As a country that stands at the geopolitical crossroad between Africa, Europe, and the Middle East, Libya is too important to fail. The risk of it falling into a full-blown and prolonged civil war, if abandoned at this critical moment, is real, but there is still time to put the country back on track. If the political process fails, the present window of opportunity may close permanently and the breakup of the country could become the de facto scenario.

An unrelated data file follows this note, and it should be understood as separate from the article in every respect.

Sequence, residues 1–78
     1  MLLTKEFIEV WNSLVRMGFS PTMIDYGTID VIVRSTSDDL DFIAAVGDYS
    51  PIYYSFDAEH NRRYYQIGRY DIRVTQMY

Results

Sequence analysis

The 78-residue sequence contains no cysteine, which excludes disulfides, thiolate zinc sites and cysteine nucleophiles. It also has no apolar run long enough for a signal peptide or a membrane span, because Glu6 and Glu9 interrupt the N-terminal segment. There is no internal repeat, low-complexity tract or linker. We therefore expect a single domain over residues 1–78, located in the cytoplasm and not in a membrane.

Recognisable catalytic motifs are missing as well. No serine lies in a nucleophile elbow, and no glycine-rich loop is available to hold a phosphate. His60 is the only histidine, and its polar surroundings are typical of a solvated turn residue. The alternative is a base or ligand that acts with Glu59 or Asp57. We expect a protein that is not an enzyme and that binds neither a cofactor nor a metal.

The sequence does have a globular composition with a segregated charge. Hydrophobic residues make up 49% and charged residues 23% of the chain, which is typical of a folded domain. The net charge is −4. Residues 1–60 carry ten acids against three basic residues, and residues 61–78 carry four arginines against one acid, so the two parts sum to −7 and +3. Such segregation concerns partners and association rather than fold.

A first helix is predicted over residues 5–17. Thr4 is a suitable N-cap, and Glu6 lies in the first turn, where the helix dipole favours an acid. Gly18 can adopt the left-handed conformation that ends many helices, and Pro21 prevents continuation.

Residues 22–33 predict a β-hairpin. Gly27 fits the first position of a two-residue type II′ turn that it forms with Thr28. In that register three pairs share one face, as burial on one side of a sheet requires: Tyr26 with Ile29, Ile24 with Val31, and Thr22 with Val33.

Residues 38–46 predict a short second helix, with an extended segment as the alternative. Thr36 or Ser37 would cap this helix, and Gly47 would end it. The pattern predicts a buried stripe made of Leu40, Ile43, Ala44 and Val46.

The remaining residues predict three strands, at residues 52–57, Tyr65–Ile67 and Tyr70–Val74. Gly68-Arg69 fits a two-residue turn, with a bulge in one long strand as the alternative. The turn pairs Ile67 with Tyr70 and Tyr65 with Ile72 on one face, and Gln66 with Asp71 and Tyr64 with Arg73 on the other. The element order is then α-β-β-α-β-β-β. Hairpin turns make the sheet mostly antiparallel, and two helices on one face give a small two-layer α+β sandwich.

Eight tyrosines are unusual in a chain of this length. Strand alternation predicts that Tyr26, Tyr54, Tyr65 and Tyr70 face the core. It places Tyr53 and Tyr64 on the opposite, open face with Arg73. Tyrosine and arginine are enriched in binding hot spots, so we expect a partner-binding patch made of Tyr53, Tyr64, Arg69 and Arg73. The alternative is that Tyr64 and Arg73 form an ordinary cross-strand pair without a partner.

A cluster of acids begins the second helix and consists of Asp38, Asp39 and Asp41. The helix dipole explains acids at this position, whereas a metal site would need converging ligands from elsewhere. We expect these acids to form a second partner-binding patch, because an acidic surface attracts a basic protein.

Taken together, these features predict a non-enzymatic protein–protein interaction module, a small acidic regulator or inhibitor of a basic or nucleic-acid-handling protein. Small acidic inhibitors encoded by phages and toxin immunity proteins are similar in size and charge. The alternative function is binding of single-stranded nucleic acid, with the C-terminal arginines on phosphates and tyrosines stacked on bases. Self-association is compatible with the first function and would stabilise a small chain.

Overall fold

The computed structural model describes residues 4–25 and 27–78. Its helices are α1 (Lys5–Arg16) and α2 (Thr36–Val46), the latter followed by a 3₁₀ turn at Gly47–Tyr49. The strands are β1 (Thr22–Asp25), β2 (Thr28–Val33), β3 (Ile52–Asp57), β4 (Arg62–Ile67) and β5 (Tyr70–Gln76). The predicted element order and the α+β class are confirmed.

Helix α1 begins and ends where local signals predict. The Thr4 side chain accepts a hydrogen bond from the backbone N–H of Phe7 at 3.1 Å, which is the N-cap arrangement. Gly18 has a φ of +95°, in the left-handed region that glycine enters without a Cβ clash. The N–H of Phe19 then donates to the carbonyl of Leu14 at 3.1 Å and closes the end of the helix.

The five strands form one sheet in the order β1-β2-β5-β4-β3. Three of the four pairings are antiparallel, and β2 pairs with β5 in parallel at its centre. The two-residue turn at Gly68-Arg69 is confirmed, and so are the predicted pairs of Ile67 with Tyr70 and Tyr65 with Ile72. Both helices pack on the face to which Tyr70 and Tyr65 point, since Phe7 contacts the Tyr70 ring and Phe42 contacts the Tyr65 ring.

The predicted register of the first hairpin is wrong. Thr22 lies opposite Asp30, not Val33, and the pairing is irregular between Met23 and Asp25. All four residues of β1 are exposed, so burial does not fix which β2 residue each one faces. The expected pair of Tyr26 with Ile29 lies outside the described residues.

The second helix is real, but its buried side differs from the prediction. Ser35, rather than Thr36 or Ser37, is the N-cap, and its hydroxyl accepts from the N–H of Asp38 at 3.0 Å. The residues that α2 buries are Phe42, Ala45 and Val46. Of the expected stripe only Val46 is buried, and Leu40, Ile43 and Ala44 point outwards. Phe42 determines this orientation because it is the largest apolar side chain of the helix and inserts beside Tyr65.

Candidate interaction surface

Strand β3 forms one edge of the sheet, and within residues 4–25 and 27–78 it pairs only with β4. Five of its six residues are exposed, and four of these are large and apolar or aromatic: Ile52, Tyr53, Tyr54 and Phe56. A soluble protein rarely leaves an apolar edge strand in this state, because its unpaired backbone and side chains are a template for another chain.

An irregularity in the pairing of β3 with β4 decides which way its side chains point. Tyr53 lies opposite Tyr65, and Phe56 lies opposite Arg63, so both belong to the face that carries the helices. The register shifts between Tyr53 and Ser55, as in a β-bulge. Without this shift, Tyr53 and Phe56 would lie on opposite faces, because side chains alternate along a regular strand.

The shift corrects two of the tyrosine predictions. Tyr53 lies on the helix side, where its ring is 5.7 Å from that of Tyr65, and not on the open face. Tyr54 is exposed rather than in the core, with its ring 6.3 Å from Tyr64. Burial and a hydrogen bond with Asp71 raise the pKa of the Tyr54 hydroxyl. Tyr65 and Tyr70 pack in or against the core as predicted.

Dr. Naeem Al-Gheriany is a Professor of Nuclear Engineering at the University of Tripoli and a member of the Libyan House of Representatives. He previously served as the Minister of Higher Education and Scientific Research in the first Transitional Government in post-Qaddafi Libya.

Image: Omar al-Hassi, prime minister of the Libyan rival government, speaks during an interview with Reuters at the headquarters of his office in Tripoli November 27, 2014. Hassi has warned that attempts by a rival government in the east to assert control over the oil industry could escalate the political conflict dividing the OPEC member state and force it to break in two. Picture taken November 27, 2014. REUTERS/Ismail Zitouny